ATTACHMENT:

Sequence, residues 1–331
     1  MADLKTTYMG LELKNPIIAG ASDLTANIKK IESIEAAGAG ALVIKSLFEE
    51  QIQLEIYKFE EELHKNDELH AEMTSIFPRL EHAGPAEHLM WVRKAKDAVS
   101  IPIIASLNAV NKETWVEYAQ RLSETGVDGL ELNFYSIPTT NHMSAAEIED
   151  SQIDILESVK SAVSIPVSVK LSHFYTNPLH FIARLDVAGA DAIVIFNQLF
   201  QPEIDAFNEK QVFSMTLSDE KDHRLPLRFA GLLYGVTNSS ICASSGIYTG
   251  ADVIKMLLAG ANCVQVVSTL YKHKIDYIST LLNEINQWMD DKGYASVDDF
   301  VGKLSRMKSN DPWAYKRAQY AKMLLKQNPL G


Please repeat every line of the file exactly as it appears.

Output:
Sequence, residues 1–331
     1  MADLKTTYMG LELKNPIIAG ASDLTANIKK IESIEAAGAG ALVIKSLFEE
    51  QIQLEIYKFE EELHKNDELH AEMTSIFPRL EHAGPAEHLM WVRKAKDAVS
   101  IPIIASLNAV NKETWVEYAQ RLSETGVDGL ELNFYSIPTT NHMSAAEIED
   151  SQIDILESVK SAVSIPVSVK LSHFYTNPLH FIARLDVAGA DAIVIFNQLF
   201  QPEIDAFNEK QVFSMTLSDE KDHRLPLRFA GLLYGVTNSS ICASSGIYTG
   251  ADVIKMLLAG ANCVQVVSTL YKHKIDYIST LLNEINQWMD DKGYASVDDF
   301  VGKLSRMKSN DPWAYKRAQY AKMLLKQNPL G